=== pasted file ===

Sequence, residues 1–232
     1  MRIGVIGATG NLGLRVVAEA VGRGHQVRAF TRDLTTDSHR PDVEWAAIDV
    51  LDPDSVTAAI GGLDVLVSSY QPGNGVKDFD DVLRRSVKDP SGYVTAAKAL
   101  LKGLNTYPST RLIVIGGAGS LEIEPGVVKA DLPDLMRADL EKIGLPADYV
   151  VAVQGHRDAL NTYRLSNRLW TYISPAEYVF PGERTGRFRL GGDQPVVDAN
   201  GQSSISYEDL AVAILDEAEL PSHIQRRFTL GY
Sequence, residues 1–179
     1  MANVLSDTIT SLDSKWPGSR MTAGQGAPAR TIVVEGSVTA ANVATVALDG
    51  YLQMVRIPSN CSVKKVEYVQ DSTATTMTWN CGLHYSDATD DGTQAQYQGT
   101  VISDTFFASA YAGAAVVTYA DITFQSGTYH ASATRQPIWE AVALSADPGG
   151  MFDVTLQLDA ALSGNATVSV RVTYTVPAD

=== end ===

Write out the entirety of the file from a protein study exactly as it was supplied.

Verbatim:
Sequence, residues 1–232
     1  MRIGVIGATG NLGLRVVAEA VGRGHQVRAF TRDLTTDSHR PDVEWAAIDV
    51  LDPDSVTAAI GGLDVLVSSY QPGNGVKDFD DVLRRSVKDP SGYVTAAKAL
   101  LKGLNTYPST RLIVIGGAGS LEIEPGVVKA DLPDLMRADL EKIGLPADYV
   151  VAVQGHRDAL NTYRLSNRLW TYISPAEYVF PGERTGRFRL GGDQPVVDAN
   201  GQSSISYEDL AVAILDEAEL PSHIQRRFTL GY
Sequence, residues 1–179
     1  MANVLSDTIT SLDSKWPGSR MTAGQGAPAR TIVVEGSVTA ANVATVALDG
    51  YLQMVRIPSN CSVKKVEYVQ DSTATTMTWN CGLHYSDATD DGTQAQYQGT
   101  VISDTFFASA YAGAAVVTYA DITFQSGTYH ASATRQPIWE AVALSADPGG
   151  MFDVTLQLDA ALSGNATVSV RVTYTVPAD